While I personally don't care for the scouts to use them on outings, it has become difficult to police. For the last two years, our Council Camp has been promoting the use of camera phones/smart phones to take and share pictures with other campers, and to submit photos for a contest that the camp runs. With the advent of solar chargers an additional electrical outlets at some camps, it seems inevitable that mobile devices are going to be a part of a scouts equipment list.
                I am glad to say though, that the boys only seem to use their phones at bedtime, just to check FB status. I have yet to see anyone calling home. So maybe there still is hope.

                Comment


                • #9
                  Why did BP first set start scouts?

                  Because he realised young people could be useful members of society. It was quite simple really.

                  Cell phones and smart phones are here and here to stay. They are simply part of the world we live in and will be part of the world the scouts enter when they are adults. Courteous and sensible use of them is something that we can teach simply as part of the programme. eg I expect them to be put away during meal times. It gets them used to how it will be when they go out to work. I wont lend them a charger or allow them to use mine if the battery runs out, They learn the hard way how to nurse their battery life.

                  Trying to ban them is a hiding to nothing and misses the chance to teach valuable life skills.

                  Comment


                  • #10
                    It is VERY rare that when a homesick boy gets his hands on his buddy's cell phone his days in scouting are limited if existent at all. I've seen it happen far too many times.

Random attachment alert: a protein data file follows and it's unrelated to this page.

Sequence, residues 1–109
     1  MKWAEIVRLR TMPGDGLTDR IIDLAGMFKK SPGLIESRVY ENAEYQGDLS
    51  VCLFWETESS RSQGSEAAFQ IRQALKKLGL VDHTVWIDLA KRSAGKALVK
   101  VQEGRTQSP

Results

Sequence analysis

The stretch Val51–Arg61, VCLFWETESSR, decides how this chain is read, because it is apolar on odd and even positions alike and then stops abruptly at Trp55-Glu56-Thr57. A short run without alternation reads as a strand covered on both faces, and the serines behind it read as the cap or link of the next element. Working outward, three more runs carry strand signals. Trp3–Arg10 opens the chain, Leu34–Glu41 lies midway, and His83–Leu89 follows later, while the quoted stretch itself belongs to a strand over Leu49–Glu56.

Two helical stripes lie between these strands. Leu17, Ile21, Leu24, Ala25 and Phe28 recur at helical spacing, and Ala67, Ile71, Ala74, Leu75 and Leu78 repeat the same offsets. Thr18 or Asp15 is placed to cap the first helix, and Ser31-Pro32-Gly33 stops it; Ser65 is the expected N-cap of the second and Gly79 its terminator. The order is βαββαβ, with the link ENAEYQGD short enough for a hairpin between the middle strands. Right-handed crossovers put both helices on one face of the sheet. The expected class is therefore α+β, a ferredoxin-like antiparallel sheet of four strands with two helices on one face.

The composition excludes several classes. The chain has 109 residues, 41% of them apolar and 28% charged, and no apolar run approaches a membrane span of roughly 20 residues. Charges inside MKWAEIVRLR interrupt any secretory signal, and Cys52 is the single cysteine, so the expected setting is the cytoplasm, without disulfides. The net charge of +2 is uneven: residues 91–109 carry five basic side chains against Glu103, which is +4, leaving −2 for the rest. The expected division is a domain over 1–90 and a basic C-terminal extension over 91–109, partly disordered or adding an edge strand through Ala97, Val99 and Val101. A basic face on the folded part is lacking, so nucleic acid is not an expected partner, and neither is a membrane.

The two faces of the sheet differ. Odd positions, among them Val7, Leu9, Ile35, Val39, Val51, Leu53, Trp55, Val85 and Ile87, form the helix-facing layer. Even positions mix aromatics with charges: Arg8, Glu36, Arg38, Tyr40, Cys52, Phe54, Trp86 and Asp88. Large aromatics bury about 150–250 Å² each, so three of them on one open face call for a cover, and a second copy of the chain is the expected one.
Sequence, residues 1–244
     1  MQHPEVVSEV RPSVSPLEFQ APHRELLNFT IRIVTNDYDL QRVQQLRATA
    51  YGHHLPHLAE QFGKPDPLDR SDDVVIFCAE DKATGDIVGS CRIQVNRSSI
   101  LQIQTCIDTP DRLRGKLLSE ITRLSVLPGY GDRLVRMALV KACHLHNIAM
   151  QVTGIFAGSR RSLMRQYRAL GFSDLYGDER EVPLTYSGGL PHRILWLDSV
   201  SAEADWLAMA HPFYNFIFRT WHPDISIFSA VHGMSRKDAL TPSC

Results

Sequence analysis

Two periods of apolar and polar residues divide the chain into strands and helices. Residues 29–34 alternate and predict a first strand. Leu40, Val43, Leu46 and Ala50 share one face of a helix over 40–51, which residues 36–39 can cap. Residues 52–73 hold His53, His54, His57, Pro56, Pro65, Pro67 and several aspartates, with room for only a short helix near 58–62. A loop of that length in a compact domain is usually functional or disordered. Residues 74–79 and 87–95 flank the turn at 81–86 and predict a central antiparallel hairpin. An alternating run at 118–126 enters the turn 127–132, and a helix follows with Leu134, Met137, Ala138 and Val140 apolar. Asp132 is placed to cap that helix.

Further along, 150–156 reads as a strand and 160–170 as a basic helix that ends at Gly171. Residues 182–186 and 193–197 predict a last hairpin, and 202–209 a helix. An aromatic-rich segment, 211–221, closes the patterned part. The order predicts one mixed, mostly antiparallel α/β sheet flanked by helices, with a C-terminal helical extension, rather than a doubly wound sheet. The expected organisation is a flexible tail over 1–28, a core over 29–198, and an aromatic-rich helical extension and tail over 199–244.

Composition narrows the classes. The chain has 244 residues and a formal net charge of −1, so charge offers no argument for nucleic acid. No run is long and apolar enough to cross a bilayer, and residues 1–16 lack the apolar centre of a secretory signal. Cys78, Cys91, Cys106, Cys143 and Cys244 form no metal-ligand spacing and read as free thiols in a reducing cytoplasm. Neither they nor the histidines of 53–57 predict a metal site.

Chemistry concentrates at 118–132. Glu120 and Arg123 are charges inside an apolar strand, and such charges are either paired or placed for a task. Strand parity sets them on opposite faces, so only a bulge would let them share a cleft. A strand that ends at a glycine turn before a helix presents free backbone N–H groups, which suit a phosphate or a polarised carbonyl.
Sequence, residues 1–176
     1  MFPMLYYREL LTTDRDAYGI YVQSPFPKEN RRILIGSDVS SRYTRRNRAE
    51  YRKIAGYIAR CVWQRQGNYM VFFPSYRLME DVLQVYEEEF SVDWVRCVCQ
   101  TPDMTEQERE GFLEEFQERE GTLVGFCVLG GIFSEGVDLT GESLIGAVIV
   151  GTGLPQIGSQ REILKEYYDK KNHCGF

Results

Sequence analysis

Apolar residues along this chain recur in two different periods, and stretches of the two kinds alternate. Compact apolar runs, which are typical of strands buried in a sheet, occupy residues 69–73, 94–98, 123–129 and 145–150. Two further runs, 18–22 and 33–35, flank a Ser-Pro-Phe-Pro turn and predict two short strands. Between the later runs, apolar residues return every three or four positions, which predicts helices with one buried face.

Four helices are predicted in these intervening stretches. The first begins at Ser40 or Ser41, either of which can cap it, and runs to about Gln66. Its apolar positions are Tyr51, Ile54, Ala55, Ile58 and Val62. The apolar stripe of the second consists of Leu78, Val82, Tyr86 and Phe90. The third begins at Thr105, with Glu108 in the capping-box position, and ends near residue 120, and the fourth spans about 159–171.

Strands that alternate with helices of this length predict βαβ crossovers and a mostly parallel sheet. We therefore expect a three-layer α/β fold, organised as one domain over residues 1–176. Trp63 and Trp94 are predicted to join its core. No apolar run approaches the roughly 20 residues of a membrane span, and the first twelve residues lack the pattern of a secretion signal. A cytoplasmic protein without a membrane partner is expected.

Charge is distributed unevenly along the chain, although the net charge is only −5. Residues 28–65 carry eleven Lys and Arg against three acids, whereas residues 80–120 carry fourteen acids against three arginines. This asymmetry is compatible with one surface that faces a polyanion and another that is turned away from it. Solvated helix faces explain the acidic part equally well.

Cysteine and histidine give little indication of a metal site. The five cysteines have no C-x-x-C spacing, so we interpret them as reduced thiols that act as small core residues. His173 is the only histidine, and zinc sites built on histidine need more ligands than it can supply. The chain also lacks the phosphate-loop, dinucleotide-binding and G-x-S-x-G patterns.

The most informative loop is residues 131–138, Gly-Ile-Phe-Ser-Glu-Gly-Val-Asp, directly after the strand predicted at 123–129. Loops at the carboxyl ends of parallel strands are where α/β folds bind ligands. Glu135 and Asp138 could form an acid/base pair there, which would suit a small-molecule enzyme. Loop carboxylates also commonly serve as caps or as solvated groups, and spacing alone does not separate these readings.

Personally I like being were there is no coverage to worry about.

                    My ASM carries a cell phone for emergency purposes, but I don't want anyone calling me when I'm out in the woods. The reason I go there is to get away from such things.

                    Stosh

                    Comment


                    • #11
                      Well, you can't fight it but you can't win. The smartphones will assimilate us, Resistance is futile. Best bet, as the man says, is to find sensible rules that can work in your troop environment. They just have too many features that are useful to rule them out because they cause some problems with game playing an texting.

                      Comment


                      • #12
                        Less texting, and more Scouting!

                        Comment


                        • #13
                          Electronics on campouts are like an incurable, chronic disease which we must endure and manage as best we can.

                          The pocket knife analogy is lame. Sure both are useful tools in their place, but I've not seed a Scout spend a weekend whittling to the exclusion of any other activity or interaction.

                          I'd be curious where Mr. Butler would draw the line. My guess he would be agreeable with just about anything if he thought it would bring in more money and members.

                          Comment


                          • #14
                            I must belong to the worst parent in the world club from reading about all these boys here and on Bryan that can self control their electronic habits. Some pinhead that goes by KDD was rightfully accused of unscout like conduct over there as well. Two thumbs up Twocubdad.

                            Comment


                            • #15
                              There is not one use for a smart phone mentioned here or on the blog that merits their inclusion. At best, competent but lazy people want to use them as shortcuts, at worst incompetent people need them to keep themselves from learning.

                              Comment

                              Working...
                              X